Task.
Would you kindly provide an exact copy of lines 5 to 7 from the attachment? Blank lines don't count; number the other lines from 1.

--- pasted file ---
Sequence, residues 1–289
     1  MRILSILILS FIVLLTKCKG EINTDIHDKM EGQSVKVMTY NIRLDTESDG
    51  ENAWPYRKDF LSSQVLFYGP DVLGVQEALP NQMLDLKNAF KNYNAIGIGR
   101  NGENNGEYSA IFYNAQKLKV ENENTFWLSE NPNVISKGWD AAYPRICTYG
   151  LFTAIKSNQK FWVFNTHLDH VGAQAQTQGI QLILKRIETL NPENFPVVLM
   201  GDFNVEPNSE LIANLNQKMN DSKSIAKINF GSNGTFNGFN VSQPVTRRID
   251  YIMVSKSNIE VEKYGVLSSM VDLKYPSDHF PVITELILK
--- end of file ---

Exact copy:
   151  LFTAIKSNQK FWVFNTHLDH VGAQAQTQGI QLILKRIETL NPENFPVVLM
   201  GDFNVEPNSE LIANLNQKMN DSKSIAKINF GSNGTFNGFN VSQPVTRRID
   251  YIMVSKSNIE VEKYGVLSSM VDLKYPSDHF PVITELILK